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Inside the NBA | COAST TO COAST

One of the best deals the Lakers never made

January 21, 2007|Mark Heisler

The next time the Lakers recruit someone, it might be a good idea to tell Phil Jackson not to zing his agent, but in this case it turned out OK.

Even at 33 with his wheels shot, Chris Webber's size, skill level and bargain price made him a bonanza for any contender ... assuming he was willing to fit in.

Unfortunately, even at 33, he's still Chris Webber.

Of his five preferred teams, two (Dallas, San Antonio) had no interest and his favorite (the Lakers) wouldn't guarantee they'd start him or even give him "significant minutes."

So he chose the Pistons, who need help, or divine intervention, with Rasheed Wallace giving off those signals again.

"I think having Chris will help ease [Wallace's] tension some," said Chauncey Billups. "It will let him know he's got somebody else, another great player, playing alongside of him again."

Webber used to be a great player, anyway. With his usual No. 4 retired (Joe Dumars) in Detroit, he now wears No. 84 ... because his 7-year-old nephew saw it in a dream. "We won the game he dreamed about, so I'm wearing No. 84," Webber said before his Pistons debut.

In the cold, cruel world, he then shot one for five from the field as they lost to Utah at home, before scoring 16 points in Friday's win at Minnesota.

"I'm sure people expected more," he said after his first game. "You can't judge this on one night. I'm telling you, this is going to be special."

One way or another

Last week's big deal was a Golden State Warriors coup, trading Troy Murphy and Mike Dunleavy, whom Don Nelson would have sent to Siberia if he could and who had problem contracts to boot, for Indiana's Al Harrington and Sarunas Jasikevicius.

Wrote the San Francisco Chronicle's Scott Ostler: "Granted, it's easy to trash guys who just got traded ... so let's get started!"

The Pacers wanted promising Ike Diogu, but they really wanted to change their chemistry, so the Warriors had to take Stephen Jackson too. That was a good start, but it will take a lot to stop the fall that started with the 2004 Auburn Hills riot.

On his way out, Harrington zapped Coach Rick Carlisle's "slow-down" offense. Harrington's buddy, Jermaine O'Neal, galactically overpriced at $20.5 million a year -- and on his way out by mutual consent -- just got that much closer to the door.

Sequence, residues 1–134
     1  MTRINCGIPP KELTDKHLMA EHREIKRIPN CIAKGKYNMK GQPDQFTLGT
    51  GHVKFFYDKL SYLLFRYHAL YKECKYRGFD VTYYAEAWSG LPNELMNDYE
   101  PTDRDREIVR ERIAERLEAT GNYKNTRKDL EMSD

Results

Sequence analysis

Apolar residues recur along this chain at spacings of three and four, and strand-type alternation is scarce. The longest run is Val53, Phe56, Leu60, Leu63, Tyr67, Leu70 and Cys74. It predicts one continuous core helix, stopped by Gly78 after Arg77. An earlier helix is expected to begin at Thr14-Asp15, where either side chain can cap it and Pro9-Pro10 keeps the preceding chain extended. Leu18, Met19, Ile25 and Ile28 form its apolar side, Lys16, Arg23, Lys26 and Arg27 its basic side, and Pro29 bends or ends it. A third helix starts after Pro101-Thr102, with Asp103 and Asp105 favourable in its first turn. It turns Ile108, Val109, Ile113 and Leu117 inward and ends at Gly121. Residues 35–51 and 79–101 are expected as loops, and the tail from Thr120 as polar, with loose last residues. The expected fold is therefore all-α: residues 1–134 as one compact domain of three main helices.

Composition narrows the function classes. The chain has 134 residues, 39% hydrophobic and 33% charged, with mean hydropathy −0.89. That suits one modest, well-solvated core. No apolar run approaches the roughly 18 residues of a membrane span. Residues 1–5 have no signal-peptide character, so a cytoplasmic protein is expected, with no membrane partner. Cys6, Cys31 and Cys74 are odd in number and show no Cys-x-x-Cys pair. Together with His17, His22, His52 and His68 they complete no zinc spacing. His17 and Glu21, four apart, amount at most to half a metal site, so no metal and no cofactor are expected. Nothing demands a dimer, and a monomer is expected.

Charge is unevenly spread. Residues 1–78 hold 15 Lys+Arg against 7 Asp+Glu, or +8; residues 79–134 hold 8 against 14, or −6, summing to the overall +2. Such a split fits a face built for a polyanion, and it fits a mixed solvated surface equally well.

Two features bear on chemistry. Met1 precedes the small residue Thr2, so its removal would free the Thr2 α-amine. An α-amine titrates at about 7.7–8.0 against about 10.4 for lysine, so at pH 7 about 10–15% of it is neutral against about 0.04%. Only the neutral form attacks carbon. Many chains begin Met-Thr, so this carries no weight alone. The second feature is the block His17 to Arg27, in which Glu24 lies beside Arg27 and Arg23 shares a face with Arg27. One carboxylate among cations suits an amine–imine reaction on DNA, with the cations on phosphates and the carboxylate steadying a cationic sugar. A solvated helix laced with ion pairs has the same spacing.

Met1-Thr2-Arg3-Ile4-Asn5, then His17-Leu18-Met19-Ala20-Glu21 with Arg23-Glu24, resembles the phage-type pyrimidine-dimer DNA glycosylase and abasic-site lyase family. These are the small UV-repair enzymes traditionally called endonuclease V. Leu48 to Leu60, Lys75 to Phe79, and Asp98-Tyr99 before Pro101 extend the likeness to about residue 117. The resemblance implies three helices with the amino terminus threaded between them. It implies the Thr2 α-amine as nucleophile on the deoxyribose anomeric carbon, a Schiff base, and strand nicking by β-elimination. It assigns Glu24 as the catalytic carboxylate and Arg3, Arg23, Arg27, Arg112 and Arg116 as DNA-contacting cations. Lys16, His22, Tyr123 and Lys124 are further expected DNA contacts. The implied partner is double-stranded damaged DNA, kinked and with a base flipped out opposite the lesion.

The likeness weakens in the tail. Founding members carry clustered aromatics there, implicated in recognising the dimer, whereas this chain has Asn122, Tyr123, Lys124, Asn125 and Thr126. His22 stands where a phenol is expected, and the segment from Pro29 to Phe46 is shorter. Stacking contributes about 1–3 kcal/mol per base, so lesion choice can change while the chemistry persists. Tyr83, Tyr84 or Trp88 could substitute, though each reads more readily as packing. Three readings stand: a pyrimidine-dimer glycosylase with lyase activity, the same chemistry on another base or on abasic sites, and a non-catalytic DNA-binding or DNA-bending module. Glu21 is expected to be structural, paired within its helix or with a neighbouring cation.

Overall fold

East is east ...

There was another round of denials in Detroit, where Wallace's declining play and mounting technical foul total (12, including one that led to Mehmet Okur's fourth-quarter free throw in Utah's 100-99 win last week) is attributed to an old ankle injury, the departure of Ben Wallace, the departure of Larry Brown and/or the moon in the seventh house and Jupiter aligned with Mars. Wallace went off on ESPN.com's Chris Sheridan ("just a snake in paradise"), who reported "a growing note of discord and disharmony -- aw, heck, let's just call it hate" toward Coach Flip Saunders. Said Saunders: "I don't think he hates me. That's a pretty strong statement." How about "has little use for you?" The Detroit Free Press' Michael Rosenberg had just written a column suggesting the same thing.

... and West is west

New Seattle owner Clay Bennett, asked about the futures of Coach Bob Hill and General Manager Rick Sund, paused nine seconds (aren't voice recorders great?) before telling the Associated Press, "We completely support Bob and Rick and we have a hope that this season can still turn around." Well, it could mean he just didn't recognize their names.... Denver's Allen Iverson, after Portland rookie Sergio Rodriguez got 23 points with 10 assists against him: "If you can judge him off of tonight's game, I mean, wow. It's a long, grueling season, but if he stays with it, the sky's the limit for him."

Famous last words

San Antonio Coach Gregg Popovich, asked if the Chicago Bulls did anything different to hold Tony Parker to a season-low six points: "Not a damn thing.... He came up with that game all by himself. It was quite creative."

-- Mark Heisler

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